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Ford Looks To Build Crash-Avoidance Smarts, Vehicle-To-Vehicle

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Ford's new smart intersection 'talks' with cars

Ford's new smart intersection 'talks' with cars

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While the nation’s capital may be the riskiest city for driving, Sioux Falls in South Dakota rated as the safest

While the nation’s capital may be the riskiest city for driving, Sioux Falls in South Dakota rated as the safest

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They're often the worst kinds of accidents: Two cars head into an intersection, with one of the drivers perhaps running a light or not noticing a stop sign. And the result, too often, is severe injuries or fatalities as one of the vehicles is smacked in the side by another vehicle.

In all, according to the Insurance Institute for Highway Safety (IIHS) and the federal government, 40 percent of all U.S. vehicle accidents and 20 percent of all fatalities occur at intersections.

If one or both of the vehicles had a little more information about the oncoming danger, either of the drivers could have made a slight change and been unscathed.

Such is the goal of so-called vehicle-to-vehicle (V2V) systems that have been in the works for many years. The latest, which Ford Motor Co. [NYSE:F] showed earlier this week, builds on knowledge gathered through its Smart Intersection project, which used wireless communication both between vehicles and intersection-monitoring infrastructure.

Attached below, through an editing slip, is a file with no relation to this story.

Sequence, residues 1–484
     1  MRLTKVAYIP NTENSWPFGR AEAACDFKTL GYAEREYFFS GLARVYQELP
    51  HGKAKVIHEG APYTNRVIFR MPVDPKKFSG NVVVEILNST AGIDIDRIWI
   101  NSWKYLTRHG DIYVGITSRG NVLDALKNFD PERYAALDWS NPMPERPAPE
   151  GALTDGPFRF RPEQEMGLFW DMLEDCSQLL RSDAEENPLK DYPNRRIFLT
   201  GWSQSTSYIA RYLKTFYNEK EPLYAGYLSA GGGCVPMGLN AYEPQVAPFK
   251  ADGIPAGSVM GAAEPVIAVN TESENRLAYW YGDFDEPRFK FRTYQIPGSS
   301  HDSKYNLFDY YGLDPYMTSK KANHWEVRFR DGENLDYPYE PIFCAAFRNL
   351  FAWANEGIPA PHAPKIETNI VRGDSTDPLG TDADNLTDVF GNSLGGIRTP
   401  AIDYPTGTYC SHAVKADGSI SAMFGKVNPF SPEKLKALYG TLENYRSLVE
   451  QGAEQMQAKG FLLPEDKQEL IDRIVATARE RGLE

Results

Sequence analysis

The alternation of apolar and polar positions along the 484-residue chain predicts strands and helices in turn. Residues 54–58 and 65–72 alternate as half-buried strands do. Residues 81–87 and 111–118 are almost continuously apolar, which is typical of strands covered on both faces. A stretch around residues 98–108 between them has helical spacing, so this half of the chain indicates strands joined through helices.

Through this project, called Automatic Braking Intersection Collision Avoidance System (ABICAS), drivers get a warning if they're about to run a red light, or if they're rapidly approaching another vehicle at an intersection. Using the vehicle's on-board collision avoidance systems—and harnessing radar and camera systems for a 360-degree view—the V2V system can actually make a judgment call on whether the vehicle will make it safely through or whether there's time to safely stop.

Part of the project is being conducted in Germany, where 400 vehicles are outfitted with ways to collect and log data on driving habits and congestion, construction zones, and driving routes.

Many other automakers are working on comparable systems. Volkswagen and Audi have their Car-2-Car communications system—closely aligned with what the EU is building through its Intelligent Car Initiative—that transmits on a short-range microwave band and shares a host of vehicle details, while Toyota and Honda are working on V2V systems that alert drivers about traffic signals or approaching vehicles.

General Motors, Mazda, Ford, Nissan, Volvo, and BMW are also working on similar systems, and the European Union, through its Intelligent Car Initiative, is building

According to GM officials, even having less than ten percent of the fleet equipped with V2V transponders—a number achieved by equipping all rental cars or commercial trucks—would produce safety benefits.

The next step, Ford says, is working with government, standards organizations, and other automakers to harmonize standards and develop the most-reliable and lowest-cost solutions. But a limited deployment of these traffic-aware systems probably isn't as many years off as you'd think.

[Ford]

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